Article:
Thanks for the suggestions. I think he'll enjoy a kong. I don't know of any agility clubs in the area. We live in a small town in North Idaho so opportunities like that are somewhat limited. I like the idea of nose games and dog puzzles. He lives to please so working on some more fun commands would be perfect. So far the only "fun" thing we have him do is offer his paw for a shake.
 

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I love tricks training. If you don't have a training club near you, you can find all sorts of videos on YouTube and books that give you tons of ideas for silly little tricks and how to teach them. If your dog is smart and likes to figure things out, he'll probably like it.
 

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My hound mix Callie is very high energy and incredibly smart, we found 'brain games' to be the only way to properly drain her energy. Without them she would run herself into the ground... literally. She LOVES tennis balls so we decided to work with that and the fact she is a hound so she has a natural scenting/hunting drive. I have her sit/stay then I disappear and hide the ball somewhere in the house. When I come back I say excitedly "find your ball!" and she goes off looking everywhere for it. Its incredible the way her eyes light up when we get her mind going and I am constantly amazed by how smart she is, she tracks the location of the ball each time I hide it and ensures to check there again. We happen to have a tennis court at our cottage so its even practical to have her go after balls that get lost! After Callie tore her ACL and we went through months of difficult recovery we figured out that for some dogs 15 minutes of "brain games" is better than an hour of running.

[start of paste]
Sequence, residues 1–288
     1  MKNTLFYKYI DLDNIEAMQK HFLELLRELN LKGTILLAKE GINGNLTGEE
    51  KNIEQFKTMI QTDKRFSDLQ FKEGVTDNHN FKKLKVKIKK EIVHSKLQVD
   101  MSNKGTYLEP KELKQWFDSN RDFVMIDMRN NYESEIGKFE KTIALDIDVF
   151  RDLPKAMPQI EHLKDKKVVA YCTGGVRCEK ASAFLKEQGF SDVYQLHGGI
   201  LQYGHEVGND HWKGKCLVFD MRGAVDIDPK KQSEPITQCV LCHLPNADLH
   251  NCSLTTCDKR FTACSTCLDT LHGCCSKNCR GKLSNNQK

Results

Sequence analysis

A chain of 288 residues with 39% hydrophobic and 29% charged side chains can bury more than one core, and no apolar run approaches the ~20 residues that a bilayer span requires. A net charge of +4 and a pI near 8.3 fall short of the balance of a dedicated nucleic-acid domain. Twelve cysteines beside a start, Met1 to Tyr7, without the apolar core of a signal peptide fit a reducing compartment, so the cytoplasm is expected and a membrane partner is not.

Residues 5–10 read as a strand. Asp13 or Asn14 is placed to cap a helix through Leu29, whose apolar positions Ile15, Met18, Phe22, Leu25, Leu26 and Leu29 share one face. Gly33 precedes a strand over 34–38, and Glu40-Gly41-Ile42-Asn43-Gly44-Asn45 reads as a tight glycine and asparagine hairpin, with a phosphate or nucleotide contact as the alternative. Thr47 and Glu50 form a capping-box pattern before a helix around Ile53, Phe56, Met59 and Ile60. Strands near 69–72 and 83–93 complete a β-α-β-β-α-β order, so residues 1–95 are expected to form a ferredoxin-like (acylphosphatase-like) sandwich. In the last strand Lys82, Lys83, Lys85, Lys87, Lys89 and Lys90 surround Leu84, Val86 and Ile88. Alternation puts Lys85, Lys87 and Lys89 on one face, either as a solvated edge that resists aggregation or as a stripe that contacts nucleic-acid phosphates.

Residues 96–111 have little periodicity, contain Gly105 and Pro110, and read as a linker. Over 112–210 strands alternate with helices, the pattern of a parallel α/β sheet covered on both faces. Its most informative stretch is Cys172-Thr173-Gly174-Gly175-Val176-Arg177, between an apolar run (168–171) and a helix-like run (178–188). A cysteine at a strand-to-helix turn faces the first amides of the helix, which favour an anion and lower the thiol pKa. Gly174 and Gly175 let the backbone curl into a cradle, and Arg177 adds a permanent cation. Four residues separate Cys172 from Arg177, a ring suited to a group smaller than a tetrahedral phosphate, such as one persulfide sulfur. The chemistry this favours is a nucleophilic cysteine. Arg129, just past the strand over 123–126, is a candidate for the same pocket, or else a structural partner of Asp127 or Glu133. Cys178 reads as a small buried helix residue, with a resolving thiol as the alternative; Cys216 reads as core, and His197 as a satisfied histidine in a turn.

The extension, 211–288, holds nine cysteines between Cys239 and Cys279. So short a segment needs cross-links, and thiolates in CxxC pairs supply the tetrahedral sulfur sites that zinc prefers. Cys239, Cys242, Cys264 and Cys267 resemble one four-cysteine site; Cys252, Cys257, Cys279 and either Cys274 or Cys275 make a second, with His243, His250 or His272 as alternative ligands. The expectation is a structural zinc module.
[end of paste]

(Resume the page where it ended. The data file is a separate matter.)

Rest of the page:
My advice is to find something that works with your dogs natural instincts. So much of our training is about suppressing impulse, (sit/down/leave it/stay) I really like doing something that works with the dogs instincts.
 

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My puppy likes the muffin tin game. I put treats of different values in a muffin tin and cover them with as many balls as I have, and then roundish toys. He's got to move them around to find what he wants. He always finds the cheese first!!

He also loves plastic bottles. We feed him out of wide mouthed plastic bottles sometimes (iced tea/juice type, not soda/water type), and he rolls that thing all over and kibbles fall out.

My friends and I will hide around the house and then call him to come and he has to come find us, then he gets treats.

"Find it" in general with food hidden. He's getting better at being persistent when I say "Find it!" He used to just look around where I was standing and give up.
 

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Discussion Starter #9
I got him a kong. He seems to be having a great time with it. Love the way it bounces, moves and keeps him going after it. Introduced him to a 1 gallon milk jug without a lid. He had a blast.

We are going to try some nose games tomorrow.
Thanks for all the suggestions. It'll be fun for both all of us!

Ron